It’s one thing to ride/train in the heat it’s another to RACE in the heat. It’s that time of year, the summer heat has arrived and is making up for the lack of heat we had from the cooler temps to start off the cycling season.
Many cyclist, whether recreational or competitive, find dealing with the heat an issue. Suffering from some degree of cramps at one time or another or heat related stomach issues, the heat brings on specific challenges to overcome in the summer months. Specific to racing, many cyclist have encountered the negative effects of heat on race results. What, if anything, be done to help you train and race best in the heat?
When it is hot, especially when temps are in the 90-100F (36-40C) range, your body needs to work harder to keep your core temperatures in a safe range to allow the organs to function normally. There are numerous heat–coping strategies to consider when planning a high-intensity workout or doing a race in hot weather.
- Acclimate. It takes about 10 to 14 days of frequent exposure to heat for your body to adapt. During this period of time workout daily in hot conditions at a lower-than-normal intensity. After a couple of weeks of near-daily exposure to hot conditions you will begin perform better in the heat than prior although performance will still likely be diminished from what you might have done in cooler conditions.
- Nutrition. You want to eat “quality” carbs leading up to, and including, a hard effort or race day. That includes eating plenty of fruits, veggies, etc. Watermelon is a great fruit (carb) to consume even during race day. Also, remember to stay away from the simple carbs. i.e. sugars, sweets, prior to the race or training in hot conditions.
- Hydrate. This one is easy but also easy to forget! Water is 60% of your body weight and the number one concern on any athlete’s intake list. For both performance and health, the importance of your water intake exceeds that of your vitamin, calorie, and electrolyte consumption. For your road racing needs, be sure to carry the water bottles and containers that you need on your bike but have extras available for bottles that are tossed and extras for immediate refueling post race. If you’re a mountain bike rider, you know tricky descents can bump a bottle right out of its cage. This time of year, it’s best to wear a full camelback as well as have extra bottles on hand. For longer rides, opt for the Deuter Bike One 20 Hydration Pack- 100oz. You’ll have enough fluids to get your ride in and also soak up the views.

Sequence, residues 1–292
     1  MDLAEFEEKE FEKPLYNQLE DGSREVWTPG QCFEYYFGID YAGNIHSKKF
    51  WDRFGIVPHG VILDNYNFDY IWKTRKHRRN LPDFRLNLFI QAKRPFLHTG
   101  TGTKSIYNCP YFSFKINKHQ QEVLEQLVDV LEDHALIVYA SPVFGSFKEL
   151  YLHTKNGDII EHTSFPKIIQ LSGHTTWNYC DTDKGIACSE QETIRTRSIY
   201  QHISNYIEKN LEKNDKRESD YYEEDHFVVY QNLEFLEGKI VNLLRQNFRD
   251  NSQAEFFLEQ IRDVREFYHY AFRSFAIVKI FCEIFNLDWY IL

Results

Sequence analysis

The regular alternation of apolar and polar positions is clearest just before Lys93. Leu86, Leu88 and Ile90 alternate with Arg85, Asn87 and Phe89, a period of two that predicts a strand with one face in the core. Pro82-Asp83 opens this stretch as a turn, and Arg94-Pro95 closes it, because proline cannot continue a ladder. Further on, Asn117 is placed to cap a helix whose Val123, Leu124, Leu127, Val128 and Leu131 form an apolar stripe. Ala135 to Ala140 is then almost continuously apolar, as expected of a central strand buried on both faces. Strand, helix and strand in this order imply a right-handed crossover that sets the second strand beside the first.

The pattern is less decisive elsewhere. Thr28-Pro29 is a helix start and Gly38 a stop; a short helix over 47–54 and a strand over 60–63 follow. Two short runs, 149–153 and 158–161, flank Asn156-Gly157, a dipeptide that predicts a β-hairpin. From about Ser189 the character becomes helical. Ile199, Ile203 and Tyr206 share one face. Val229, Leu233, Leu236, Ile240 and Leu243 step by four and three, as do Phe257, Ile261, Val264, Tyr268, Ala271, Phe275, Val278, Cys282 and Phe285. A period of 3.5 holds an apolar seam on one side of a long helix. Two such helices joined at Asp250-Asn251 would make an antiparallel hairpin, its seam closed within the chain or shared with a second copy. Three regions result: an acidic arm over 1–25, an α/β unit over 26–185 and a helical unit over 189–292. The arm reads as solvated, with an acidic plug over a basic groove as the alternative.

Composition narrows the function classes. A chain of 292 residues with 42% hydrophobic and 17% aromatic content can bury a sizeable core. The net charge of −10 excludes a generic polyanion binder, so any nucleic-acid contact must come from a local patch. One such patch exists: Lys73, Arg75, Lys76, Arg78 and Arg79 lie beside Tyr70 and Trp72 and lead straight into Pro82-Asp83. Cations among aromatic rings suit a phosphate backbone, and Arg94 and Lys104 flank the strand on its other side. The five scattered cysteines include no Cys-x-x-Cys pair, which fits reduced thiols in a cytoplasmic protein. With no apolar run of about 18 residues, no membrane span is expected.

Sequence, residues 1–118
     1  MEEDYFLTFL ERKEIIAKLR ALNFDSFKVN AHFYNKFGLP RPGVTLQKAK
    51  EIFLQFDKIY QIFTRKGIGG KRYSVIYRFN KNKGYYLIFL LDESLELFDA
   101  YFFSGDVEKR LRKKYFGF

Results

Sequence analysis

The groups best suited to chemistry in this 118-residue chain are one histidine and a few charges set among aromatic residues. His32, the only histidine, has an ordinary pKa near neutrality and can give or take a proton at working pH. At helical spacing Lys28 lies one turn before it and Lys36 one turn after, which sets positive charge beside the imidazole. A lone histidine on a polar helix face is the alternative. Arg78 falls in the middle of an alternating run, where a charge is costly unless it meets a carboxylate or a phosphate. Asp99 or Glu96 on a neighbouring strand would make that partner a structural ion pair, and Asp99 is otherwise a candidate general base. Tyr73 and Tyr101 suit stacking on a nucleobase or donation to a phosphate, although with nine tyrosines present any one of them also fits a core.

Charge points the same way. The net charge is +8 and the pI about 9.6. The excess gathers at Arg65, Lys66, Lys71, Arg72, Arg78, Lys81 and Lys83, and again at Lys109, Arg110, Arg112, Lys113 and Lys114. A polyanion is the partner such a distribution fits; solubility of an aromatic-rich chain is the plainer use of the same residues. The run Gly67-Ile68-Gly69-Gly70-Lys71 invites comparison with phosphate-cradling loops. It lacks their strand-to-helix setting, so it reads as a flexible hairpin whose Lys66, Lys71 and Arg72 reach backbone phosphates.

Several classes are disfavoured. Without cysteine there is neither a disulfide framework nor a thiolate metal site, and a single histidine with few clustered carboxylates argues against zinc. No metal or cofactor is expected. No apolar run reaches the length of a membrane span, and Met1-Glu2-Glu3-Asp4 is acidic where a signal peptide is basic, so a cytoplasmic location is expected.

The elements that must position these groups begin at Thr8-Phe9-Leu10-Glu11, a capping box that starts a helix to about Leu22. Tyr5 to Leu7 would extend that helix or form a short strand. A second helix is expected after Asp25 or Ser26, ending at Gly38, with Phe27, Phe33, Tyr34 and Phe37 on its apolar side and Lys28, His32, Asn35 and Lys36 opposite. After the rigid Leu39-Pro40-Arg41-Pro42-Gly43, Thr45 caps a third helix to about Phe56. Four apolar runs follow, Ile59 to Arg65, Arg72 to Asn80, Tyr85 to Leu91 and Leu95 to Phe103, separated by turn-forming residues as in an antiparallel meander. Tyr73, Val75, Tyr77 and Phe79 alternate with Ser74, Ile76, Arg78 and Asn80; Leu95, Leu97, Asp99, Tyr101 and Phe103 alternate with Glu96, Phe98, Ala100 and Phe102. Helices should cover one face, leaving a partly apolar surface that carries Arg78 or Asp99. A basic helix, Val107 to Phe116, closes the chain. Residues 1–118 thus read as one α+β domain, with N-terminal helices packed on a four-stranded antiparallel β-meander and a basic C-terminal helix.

- Stay cool. Think shade and proper clothing. Stay in the shade, warm up in the shade and cool down in the shade. While it may seem insignificant, every effort to keep your body temperature down is important. This includes wearing your sunglasses, having a light-colored helmet, and opening your the zipper on your jersey. For longer rides, draping an ice-filled container around your neck may improve endurance performance.
To train and compete at your best all summer, it is important to understand how your body copes with heat, and what you can do to keep cool. Everyone adapts differently to heat stress. Need more tips? Stop by the Peak Cycles Bicycle Shop to chat with our racers, mechanics, and other cyclist to see what works for them. Maybe you’ll learn some new heat-coping strategies that will work for you too.